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Who can have one

As donor hearts are scarce, you'll need to be assessed carefully to determine whether a heart transplant is suitable if your doctor thinks you could benefit from a transplant.

When heart transplants are considered

A heart transplant may be considered if:

If it's thought you could benefit from a heart transplant, you'll be assessed at a transplant centre to check whether having one is suitable.

Assessment for a heart transplant

An in-depth assessment at a transplant centre is needed to find out more about your health and check whether there are any underlying problems that could affect your suitability for a transplant.

This will usually involve having several tests, such as:

You'll also have the opportunity during your assessment to meet the transplant team and find out more about the procedure.

You may find it useful to write down a list of questions you'd like to ask the transplant team before your visit.

Who might not be suitable for a heart transplant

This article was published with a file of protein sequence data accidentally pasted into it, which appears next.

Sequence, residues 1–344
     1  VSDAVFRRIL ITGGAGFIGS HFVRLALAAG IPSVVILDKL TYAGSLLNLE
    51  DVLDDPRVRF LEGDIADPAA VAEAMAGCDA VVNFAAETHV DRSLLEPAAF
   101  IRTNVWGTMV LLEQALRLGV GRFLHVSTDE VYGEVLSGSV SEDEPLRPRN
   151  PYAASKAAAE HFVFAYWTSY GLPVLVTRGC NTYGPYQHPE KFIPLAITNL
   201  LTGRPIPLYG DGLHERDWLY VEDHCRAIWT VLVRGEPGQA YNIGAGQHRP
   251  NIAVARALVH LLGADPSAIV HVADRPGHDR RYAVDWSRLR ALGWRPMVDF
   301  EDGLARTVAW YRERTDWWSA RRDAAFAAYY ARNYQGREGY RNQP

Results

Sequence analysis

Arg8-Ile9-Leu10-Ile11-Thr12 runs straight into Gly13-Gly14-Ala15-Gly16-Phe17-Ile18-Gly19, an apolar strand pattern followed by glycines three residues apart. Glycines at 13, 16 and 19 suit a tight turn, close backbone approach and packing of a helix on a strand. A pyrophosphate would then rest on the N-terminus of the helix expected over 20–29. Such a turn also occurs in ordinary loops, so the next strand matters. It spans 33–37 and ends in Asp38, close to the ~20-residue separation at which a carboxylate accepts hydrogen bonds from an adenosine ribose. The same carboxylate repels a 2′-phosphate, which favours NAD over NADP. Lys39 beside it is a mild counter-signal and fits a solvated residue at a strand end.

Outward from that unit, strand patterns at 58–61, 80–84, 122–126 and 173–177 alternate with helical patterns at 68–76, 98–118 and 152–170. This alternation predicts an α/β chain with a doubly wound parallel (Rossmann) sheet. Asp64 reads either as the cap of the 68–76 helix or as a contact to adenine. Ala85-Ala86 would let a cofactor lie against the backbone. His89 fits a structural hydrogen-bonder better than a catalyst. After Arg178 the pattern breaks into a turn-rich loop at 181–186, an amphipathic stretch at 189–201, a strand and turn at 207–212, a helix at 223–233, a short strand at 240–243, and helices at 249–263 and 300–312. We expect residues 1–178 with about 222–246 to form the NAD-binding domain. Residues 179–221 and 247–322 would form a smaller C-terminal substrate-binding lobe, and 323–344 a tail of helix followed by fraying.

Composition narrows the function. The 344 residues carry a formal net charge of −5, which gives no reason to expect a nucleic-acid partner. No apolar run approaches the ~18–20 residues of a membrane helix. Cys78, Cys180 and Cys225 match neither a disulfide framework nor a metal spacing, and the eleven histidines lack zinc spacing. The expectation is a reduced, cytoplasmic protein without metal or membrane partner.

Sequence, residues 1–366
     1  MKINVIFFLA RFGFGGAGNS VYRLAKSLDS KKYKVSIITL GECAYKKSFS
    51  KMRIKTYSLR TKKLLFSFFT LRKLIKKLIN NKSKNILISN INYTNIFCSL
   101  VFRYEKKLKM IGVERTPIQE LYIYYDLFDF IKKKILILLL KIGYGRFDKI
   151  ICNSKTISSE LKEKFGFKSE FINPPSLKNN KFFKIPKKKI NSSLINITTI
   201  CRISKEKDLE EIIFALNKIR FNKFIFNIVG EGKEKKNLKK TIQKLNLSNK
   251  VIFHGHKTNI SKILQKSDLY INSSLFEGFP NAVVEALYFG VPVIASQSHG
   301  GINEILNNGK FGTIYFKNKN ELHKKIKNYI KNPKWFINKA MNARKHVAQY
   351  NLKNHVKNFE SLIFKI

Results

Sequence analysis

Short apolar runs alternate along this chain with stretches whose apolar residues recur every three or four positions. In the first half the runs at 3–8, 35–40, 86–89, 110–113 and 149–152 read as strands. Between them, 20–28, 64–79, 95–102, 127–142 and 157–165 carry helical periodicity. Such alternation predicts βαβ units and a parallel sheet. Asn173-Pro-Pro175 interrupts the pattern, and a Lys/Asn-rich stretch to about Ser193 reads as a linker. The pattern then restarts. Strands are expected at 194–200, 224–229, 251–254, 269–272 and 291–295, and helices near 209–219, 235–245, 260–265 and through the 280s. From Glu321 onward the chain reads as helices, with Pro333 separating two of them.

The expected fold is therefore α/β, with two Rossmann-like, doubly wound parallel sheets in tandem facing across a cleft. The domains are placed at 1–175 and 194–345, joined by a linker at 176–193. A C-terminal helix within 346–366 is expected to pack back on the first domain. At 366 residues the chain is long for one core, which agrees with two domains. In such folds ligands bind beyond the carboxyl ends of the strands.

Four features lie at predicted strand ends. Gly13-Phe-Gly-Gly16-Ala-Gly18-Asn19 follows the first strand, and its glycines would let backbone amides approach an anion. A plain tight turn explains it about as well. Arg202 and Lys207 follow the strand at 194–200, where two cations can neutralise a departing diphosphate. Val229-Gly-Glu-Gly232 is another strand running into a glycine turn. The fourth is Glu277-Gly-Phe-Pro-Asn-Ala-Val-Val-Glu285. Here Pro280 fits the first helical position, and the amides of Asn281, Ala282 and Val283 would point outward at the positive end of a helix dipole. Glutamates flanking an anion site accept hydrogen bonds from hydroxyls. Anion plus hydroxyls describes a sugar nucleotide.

Not everyone who could benefit from a heart transplant will be suitable for one.

This is because the operation places a major strain on the body and may mean the risks outweigh the potential benefits.

For example, you may be considered unsuitable for a heart transplant if you:

Age is not a factor in determining whether a heart transplant is suitable, although they're rarely performed in people over the age of 65 because they often have other health problems that mean a transplant is too risky.

Decision to recommend a transplant

The final decision about whether you're suitable for a heart transplant is a joint decision made by the transplant team.

You may be informed about the decision before leaving the transplant centre.

But if your case is not straightforward, it may be several weeks before you're told the decision.

The transplant team may decide you're:

In some cases, further tests are necessary to make a final decision, or you may be referred to a different transplant centre for a second opinion.